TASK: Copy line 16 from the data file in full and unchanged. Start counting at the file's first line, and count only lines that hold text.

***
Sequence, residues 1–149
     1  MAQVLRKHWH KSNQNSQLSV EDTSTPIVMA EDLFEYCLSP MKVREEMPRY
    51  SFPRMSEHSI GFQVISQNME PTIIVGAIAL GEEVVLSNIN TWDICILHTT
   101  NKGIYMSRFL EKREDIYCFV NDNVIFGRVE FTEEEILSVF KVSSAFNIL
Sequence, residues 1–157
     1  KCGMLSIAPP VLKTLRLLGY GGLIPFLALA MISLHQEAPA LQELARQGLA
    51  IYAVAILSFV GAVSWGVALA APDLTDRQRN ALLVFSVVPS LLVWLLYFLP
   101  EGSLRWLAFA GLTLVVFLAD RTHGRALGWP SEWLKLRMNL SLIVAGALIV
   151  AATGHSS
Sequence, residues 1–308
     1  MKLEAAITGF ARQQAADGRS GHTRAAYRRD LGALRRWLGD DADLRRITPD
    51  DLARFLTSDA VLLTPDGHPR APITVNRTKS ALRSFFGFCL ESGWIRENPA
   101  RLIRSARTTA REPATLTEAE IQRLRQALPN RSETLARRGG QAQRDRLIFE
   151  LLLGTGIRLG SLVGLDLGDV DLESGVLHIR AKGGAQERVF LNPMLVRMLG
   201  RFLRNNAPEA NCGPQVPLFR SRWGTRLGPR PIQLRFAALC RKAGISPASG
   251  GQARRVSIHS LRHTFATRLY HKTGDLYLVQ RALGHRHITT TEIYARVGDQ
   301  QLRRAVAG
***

   251  GQARRVSIHS LRHTFATRLY HKTGDLYLVQ RALGHRHITT TEIYARVGDQ